Arthur C Clarke once said that “Any sufficiently advanced technology is indistinguishable from magic.” Had he been an elk hunter he’d have known that no technology, advanced or otherwise, knows the half of it. There is nothing so magical as elk apparating from the pre-dawn grayness. With a naked eye or through German glass, the trick is the same and equally incredible… first there are only park and cold, timber and wind, meadow and loneliness and then, inexplicably, there are elk.
I was nestled alone in the snow below a high rib of limestone last October, when a band of cows and calves took shape from the gloom. At 400 or 500 yards I could keep the group in sight but the individual elk disappeared and reappeared, without ever seeming to move, like so many twinkling Christmas lights. I crept closer and reestablished my rest. With dawn and proximity the Elk became less ethereal, if not altogether reliable. Taking inventory and trying to intuit the group’s distribution over the half-seen terrain, I could now see motion – a head lowered here, a few gliding steps there. Minute by minute the elk became more real, and with their tangibility grew my confidence that the cows and calves were alone, that they had no escort. Then he was there, and with a grunt and a cough and wide swing of his antlers he was gone again, chasing his harem off the ridge, a second trick completed before I could marvel at his first.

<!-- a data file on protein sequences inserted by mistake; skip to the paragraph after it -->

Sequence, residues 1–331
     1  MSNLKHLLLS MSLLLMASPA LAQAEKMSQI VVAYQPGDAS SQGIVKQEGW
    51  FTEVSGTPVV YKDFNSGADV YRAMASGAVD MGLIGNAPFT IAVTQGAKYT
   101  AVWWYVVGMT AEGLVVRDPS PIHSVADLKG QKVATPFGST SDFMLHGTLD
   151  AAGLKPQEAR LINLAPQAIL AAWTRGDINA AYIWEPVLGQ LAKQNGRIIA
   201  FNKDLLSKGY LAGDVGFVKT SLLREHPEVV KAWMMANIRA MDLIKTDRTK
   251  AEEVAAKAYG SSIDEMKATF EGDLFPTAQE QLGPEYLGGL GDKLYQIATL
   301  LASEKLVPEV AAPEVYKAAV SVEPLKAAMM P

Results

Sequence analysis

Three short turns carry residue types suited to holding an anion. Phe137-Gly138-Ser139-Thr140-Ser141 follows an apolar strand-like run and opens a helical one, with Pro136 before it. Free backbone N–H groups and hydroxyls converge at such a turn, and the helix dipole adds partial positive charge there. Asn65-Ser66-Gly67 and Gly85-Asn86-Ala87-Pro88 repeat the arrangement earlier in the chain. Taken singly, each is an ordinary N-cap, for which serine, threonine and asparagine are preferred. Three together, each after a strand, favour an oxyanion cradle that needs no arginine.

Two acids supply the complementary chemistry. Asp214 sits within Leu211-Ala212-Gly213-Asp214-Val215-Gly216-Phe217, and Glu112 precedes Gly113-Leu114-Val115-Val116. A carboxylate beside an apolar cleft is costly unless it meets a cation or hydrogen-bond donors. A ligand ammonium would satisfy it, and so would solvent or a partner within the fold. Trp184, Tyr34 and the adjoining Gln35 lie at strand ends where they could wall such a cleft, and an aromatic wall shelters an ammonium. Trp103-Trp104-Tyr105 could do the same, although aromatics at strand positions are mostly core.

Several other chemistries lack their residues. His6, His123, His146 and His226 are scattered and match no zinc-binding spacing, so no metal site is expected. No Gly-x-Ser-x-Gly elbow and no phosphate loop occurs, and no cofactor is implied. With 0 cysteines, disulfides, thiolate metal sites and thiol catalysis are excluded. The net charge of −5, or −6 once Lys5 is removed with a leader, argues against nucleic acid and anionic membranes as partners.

Then the ventriloquism. I followed his voice for hours, close enough at times to taste a dank musk in the back of my throat and hear the labored rasps that followed his bugles. But I never laid eyes on him again. When, in late afternoon, the cows filed from a line of broken timber a young raghorn followed them out. With the lead cow nearly on top of me, and the window of opportunity closing fast, I convinced myself that it was this bull I’d been talking to all day, not the big patriarch, and knowing that opportunities are few and fleeting, I took him. The magician let me know I was mistaken, 30 seconds later, with another bugle.
Though less captivating, there is a certain mystery in the elk license lottery too. I didn’t draw my first choice this year. That means I’ll be reappearing in that shifty old guy’s neighborhood again real soon.